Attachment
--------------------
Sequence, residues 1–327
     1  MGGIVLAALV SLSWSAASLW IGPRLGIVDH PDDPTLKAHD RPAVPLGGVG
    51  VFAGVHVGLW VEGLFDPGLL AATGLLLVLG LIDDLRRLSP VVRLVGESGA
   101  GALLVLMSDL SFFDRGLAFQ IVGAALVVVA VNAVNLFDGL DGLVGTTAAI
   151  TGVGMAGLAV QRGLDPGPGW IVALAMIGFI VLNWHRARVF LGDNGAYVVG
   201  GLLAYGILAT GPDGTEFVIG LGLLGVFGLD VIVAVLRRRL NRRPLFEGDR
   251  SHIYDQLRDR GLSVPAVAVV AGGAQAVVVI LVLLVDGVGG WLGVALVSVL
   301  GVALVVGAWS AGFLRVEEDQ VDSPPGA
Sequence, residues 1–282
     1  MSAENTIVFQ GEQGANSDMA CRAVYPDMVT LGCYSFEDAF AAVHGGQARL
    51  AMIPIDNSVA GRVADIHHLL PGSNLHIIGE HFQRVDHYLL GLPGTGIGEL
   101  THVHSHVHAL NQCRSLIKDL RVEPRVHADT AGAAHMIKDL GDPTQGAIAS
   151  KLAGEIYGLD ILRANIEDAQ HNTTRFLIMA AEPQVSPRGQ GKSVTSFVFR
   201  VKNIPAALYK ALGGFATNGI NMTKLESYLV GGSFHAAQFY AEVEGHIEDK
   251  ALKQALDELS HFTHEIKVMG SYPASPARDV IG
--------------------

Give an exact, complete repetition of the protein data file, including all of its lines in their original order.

Sequence, residues 1–327
     1  MGGIVLAALV SLSWSAASLW IGPRLGIVDH PDDPTLKAHD RPAVPLGGVG
    51  VFAGVHVGLW VEGLFDPGLL AATGLLLVLG LIDDLRRLSP VVRLVGESGA
   101  GALLVLMSDL SFFDRGLAFQ IVGAALVVVA VNAVNLFDGL DGLVGTTAAI
   151  TGVGMAGLAV QRGLDPGPGW IVALAMIGFI VLNWHRARVF LGDNGAYVVG
   201  GLLAYGILAT GPDGTEFVIG LGLLGVFGLD VIVAVLRRRL NRRPLFEGDR
   251  SHIYDQLRDR GLSVPAVAVV AGGAQAVVVI LVLLVDGVGG WLGVALVSVL
   301  GVALVVGAWS AGFLRVEEDQ VDSPPGA
Sequence, residues 1–282
     1  MSAENTIVFQ GEQGANSDMA CRAVYPDMVT LGCYSFEDAF AAVHGGQARL
    51  AMIPIDNSVA GRVADIHHLL PGSNLHIIGE HFQRVDHYLL GLPGTGIGEL
   101  THVHSHVHAL NQCRSLIKDL RVEPRVHADT AGAAHMIKDL GDPTQGAIAS
   151  KLAGEIYGLD ILRANIEDAQ HNTTRFLIMA AEPQVSPRGQ GKSVTSFVFR
   201  VKNIPAALYK ALGGFATNGI NMTKLESYLV GGSFHAAQFY AEVEGHIEDK
   251  ALKQALDELS HFTHEIKVMG SYPASPARDV IG